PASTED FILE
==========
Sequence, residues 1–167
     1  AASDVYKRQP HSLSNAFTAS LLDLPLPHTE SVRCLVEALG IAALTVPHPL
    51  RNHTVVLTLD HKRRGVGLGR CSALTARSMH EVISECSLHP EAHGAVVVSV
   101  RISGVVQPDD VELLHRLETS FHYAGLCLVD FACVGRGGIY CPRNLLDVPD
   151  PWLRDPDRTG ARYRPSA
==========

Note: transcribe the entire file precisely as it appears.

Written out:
Sequence, residues 1–167
     1  AASDVYKRQP HSLSNAFTAS LLDLPLPHTE SVRCLVEALG IAALTVPHPL
    51  RNHTVVLTLD HKRRGVGLGR CSALTARSMH EVISECSLHP EAHGAVVVSV
   101  RISGVVQPDD VELLHRLETS FHYAGLCLVD FACVGRGGIY CPRNLLDVPD
   151  PWLRDPDRTG ARYRPSA